Letter to the Vatican

Steve Rostkoski

An Online Collection of Writings & Musings

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Life-long music fan STEVE ROSTKOSKI studied recording engineering and library technology, and has worked as a library technician, archival cataloger,  freelance journalist and publisher. His essays and reviews have appeared in Crawdaddy!, No Depression ,  The Rocket and other periodicals. Letter to the Vatican  began in 1991 as a self-published zine created for the writers' group APA Centauri. This online edition archives both past and present work.
This site would not exist without Paul Williams.  He started  the first rock music magazine, Crawdaddy!, in 1966, which I discovered in its  later 1990s  incarnation. I found Crawdaddy! so inspirational, I wrote Paul and sent him my zine about the book Glimpses.  He liked my essay so much that he invited me to be the first outside writer published in the new edition of his magazine.  I was honored. Paul's encouragement and support of my writing literally changed my life and I am forever grateful.  Thank you, Paul!

In 1995, Paul Williams suffered a traumatic brain injury in a bicycle accident, leading to early onset of dementia, and a steady decline to the point where he now requires full-time care. His friends and family have set up a website for donations to assist with Paul's care and medical expenses.  The site also provides examples of his work and information about his many accomplishments.


Also read Cindy Lee Berryhill's blog:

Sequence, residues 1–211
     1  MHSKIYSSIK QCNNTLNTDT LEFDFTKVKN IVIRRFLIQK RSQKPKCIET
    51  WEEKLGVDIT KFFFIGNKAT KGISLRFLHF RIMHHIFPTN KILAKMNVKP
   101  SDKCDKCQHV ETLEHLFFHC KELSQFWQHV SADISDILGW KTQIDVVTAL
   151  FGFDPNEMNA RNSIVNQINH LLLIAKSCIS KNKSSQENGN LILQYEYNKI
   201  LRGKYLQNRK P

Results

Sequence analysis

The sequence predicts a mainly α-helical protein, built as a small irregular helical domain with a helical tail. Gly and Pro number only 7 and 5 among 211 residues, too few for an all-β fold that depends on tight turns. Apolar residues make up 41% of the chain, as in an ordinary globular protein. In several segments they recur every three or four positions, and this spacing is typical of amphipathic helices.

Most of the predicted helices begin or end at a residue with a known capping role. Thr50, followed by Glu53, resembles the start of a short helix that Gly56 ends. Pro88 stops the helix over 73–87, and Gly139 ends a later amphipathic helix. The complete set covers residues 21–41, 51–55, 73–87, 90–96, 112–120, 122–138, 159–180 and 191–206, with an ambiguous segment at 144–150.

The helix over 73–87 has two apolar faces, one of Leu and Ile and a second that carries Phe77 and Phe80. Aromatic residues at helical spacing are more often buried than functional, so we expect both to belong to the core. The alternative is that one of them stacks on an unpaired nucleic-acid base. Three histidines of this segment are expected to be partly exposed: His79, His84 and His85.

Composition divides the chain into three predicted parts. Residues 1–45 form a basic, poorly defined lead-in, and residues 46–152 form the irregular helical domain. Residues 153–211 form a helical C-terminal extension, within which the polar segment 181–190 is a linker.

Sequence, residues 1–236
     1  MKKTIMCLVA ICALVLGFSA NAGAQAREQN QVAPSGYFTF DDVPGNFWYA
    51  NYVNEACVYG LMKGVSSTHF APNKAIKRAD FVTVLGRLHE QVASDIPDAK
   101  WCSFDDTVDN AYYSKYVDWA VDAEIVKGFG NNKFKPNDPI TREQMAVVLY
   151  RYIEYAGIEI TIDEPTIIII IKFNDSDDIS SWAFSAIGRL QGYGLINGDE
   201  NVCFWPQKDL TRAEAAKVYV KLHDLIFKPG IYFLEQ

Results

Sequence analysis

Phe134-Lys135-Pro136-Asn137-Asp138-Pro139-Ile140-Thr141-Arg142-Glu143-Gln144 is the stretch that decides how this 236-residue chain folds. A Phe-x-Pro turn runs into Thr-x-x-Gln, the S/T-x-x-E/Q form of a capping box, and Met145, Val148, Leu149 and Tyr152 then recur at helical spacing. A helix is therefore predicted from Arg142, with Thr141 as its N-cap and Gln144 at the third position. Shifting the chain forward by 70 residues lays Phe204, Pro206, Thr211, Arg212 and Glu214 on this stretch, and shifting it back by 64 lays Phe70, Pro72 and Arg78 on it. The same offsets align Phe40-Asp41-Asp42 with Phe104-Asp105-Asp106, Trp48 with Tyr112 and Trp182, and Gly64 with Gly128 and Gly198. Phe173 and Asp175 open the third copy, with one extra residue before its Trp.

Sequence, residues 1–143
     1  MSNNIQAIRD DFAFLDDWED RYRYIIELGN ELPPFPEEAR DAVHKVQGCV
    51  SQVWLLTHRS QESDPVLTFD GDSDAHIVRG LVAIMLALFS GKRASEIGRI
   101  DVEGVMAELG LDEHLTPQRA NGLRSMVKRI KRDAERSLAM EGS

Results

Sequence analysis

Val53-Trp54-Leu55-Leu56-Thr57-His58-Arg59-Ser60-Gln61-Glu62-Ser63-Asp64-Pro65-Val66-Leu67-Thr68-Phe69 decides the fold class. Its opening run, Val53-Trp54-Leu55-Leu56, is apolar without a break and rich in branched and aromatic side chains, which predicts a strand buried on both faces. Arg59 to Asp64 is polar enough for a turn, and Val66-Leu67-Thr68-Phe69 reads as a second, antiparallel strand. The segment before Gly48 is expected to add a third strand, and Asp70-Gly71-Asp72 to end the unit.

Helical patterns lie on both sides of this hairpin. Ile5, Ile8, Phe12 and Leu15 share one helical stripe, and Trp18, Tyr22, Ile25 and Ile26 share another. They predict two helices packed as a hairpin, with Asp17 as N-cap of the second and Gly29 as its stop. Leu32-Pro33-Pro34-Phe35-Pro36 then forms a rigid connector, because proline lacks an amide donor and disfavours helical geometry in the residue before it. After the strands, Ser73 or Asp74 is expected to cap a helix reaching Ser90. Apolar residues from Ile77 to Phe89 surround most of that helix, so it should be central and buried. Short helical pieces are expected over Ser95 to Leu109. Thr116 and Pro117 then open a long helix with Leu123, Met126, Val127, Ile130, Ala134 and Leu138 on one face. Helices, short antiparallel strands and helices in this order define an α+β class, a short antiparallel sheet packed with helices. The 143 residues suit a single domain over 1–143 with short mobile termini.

Maybe I'm getting cranky in my old age but concerts seem to be more of a trial every time I go to one these days.  It's not because of the quality of on-stage performances.  No, it's the quality of the audiences that gets to me.  At the March 6 Neil Young show at Seattle's Paramount Theater, along with the usual yelled song requests, shouts of "CRAZY HORSE!!" (the name of Young's band) and "PLUG IT IN, NEIL!!!" echoed around the theater all evening.  Rather inappropriate for a concert billed as "A Solo Acoustic Evening with Neil Young."  Perhaps these loud audience members can't read what's printed on their tickets.  On the plus side, Neil's response to one of these loudmouths provided a concert highlight when he told one "PLUG IT IN" demander, "Go plug yourself" or something to that effect.

Worse yet were two characters sitting near me.  Two rows down from me, a fellow wore a hat throughout the whole show, effectively blocking my view of the stage.  Just as I was about to ask him to remove the offending headgear, I noticed two tiny microphones stuck in the hatband on each side.  He was illicitly recording the show, of course.  I then resigned myself that this was my punishment for my years of collecting such tapes, scrunched my coat underneath me and managed to peer over and around the guy in order to catch a glimpse of Neil.   But the man next to me was really unbelievable.  He spent two-thirds of the show on his cell phone giving his buddy a blow-by-blow account of the event.  ("Neil's telling a story about his dog now..."  "Yeah, he's doing some new songs...")  I guess this guy could afford the $80 ticket price to sit and talk on the phone all night.  I'll take Neil Young without the running commentary, thank you very much.  He does a fine job of communicating from the stage all by himself.